Step 4: Use your smartphone’s business card scanning app to capture all the cards in your keeper pile. Open the app and view the contact card for each person in your keeper pile.

Step 5: Use your business card app’s social networking function to send each person a LinkedIn connection invitation. If anyone is also a Twitter user, click the Twitter handle on that person’s profile so that you can view and follow him on Twitter. If you want to establish a LinkedIn connection with someone senior or well known, consider writing a personal connection request reminding him or her that you enjoyed meeting at Conference X and would like to stay in touch. You can’t do that from within Evernote’s card scanner, so you’ll need to log into LinkedIn to send that personal request.

Step 6: If there are people in your keeper pile that you’d like to follow up with within the next month or so, send a personal note to their email address saying how much you enjoyed meeting with them and (if appropriate) suggesting when or how you’ll follow up. You may even want to suggest setting up a next meeting or call. These messages are a good use of your time on the flight home: just queue them up and hit send when you land.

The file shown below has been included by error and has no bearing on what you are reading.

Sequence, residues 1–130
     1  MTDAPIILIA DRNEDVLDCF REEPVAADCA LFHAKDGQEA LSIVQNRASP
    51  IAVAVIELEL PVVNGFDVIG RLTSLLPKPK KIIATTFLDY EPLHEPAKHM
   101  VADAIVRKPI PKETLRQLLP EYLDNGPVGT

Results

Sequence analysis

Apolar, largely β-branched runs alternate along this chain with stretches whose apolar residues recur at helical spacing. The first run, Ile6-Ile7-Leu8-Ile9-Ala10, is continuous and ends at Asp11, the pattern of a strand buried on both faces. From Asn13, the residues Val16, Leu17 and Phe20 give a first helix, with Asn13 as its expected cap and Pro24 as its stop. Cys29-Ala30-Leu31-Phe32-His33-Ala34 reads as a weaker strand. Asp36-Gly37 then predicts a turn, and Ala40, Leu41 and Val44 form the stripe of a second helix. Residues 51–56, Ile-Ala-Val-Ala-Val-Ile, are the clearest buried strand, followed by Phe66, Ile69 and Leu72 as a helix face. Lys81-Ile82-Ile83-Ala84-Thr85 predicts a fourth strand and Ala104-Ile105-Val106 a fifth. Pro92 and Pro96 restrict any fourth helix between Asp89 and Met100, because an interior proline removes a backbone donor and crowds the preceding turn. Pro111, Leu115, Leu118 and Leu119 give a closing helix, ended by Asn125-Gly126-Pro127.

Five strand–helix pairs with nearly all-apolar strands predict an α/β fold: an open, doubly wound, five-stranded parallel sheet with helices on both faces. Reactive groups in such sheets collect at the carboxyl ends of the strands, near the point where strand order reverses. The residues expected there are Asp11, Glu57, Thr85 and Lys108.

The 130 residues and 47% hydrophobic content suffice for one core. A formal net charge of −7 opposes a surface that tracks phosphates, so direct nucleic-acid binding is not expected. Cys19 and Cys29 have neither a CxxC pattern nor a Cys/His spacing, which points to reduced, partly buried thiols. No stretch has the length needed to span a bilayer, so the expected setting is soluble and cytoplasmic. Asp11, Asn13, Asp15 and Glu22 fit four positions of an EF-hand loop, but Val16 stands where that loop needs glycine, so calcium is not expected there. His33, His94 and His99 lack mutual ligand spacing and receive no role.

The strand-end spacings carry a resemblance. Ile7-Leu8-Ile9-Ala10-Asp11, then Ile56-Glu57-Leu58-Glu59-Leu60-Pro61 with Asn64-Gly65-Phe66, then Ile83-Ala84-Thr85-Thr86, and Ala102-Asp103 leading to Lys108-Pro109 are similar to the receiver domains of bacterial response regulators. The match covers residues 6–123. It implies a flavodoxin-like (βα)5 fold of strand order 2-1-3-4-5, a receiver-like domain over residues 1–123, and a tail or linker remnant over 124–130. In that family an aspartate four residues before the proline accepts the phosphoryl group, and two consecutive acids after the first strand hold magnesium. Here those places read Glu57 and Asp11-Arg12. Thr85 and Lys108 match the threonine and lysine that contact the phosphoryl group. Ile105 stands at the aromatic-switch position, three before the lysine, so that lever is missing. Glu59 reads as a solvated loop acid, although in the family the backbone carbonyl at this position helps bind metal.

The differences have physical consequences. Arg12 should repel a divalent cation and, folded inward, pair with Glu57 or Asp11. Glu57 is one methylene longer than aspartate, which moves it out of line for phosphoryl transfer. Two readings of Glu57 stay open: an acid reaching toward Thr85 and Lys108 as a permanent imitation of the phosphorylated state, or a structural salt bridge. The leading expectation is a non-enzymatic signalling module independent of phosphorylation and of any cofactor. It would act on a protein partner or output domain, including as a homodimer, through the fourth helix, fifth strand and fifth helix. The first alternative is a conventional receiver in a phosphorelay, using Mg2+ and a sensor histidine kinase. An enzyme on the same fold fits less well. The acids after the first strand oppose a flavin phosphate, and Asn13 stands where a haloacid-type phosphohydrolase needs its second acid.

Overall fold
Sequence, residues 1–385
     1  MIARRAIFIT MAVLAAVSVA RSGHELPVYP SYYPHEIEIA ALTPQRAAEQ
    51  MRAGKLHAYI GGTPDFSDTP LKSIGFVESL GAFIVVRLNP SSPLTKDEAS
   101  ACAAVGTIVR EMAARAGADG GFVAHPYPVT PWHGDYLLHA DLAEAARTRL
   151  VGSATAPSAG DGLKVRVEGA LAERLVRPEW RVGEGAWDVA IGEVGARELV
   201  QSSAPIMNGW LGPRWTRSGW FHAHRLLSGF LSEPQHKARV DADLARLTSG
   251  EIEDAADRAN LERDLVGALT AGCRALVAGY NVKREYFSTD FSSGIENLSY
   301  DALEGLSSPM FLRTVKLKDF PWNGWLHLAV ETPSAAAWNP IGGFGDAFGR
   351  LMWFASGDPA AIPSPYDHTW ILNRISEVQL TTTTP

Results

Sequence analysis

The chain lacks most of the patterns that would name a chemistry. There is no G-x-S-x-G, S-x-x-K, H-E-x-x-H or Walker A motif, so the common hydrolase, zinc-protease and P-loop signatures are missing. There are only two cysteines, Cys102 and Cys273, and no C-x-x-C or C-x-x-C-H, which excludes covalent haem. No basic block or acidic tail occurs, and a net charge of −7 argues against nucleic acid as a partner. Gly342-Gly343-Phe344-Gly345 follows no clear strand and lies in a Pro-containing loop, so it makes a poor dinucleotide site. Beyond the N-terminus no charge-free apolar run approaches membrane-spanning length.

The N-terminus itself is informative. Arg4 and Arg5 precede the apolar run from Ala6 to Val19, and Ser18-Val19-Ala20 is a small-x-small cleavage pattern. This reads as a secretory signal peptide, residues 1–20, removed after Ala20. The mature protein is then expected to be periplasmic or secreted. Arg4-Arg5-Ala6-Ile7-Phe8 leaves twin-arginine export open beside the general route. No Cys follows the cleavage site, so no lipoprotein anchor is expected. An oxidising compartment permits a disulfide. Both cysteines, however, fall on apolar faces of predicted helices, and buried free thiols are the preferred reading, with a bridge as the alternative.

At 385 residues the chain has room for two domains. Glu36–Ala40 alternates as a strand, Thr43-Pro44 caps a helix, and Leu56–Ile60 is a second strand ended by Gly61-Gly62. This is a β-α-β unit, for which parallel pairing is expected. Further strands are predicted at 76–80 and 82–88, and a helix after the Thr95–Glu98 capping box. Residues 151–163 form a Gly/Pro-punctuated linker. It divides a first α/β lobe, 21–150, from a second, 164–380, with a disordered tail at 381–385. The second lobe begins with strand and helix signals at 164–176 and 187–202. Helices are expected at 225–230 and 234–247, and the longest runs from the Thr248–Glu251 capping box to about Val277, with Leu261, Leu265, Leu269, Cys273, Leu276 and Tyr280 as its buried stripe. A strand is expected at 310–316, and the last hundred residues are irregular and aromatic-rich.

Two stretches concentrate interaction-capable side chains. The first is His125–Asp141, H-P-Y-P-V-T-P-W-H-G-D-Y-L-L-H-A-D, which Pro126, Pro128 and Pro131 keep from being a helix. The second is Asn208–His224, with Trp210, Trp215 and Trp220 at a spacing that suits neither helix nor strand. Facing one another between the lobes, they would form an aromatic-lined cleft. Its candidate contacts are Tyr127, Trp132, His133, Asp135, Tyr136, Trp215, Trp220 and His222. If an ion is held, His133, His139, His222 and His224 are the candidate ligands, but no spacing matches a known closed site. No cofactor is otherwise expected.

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Makes U Think

A Better Way to Calculate the ROI of Your Marketing Investment

November 13, 2015
Traditionally, marketers calculate the ROI of a marketing investment by measuring how much sales increased in its aftermath. This is a blunt metric: maybe the consumer had a different interaction with the brand that influenced them. Or maybe they had an intrinsic preference for the brand and would have made a purchase anyway.

Today the situation has changed. Marketers have access to data that allows them to track individuals’ various interactions with a brand before their purchase, and better understand what role each interaction — and individual preferences — played in the eventual sale.

This approach, called “attribution modeling,” allows companies to attribute appropriate credit to each online and offline contact and touch point in a customer’s purchase cycle, and understand its role in the revenues that ultimately result. A good attribution model should show, for example, precisely which ads or search keywords are most associated with actual purchases.

Developing an attribution model is a gradual process. You can’t get there all at once. There are four key stages in the journey:

Stage 1: Prepare your data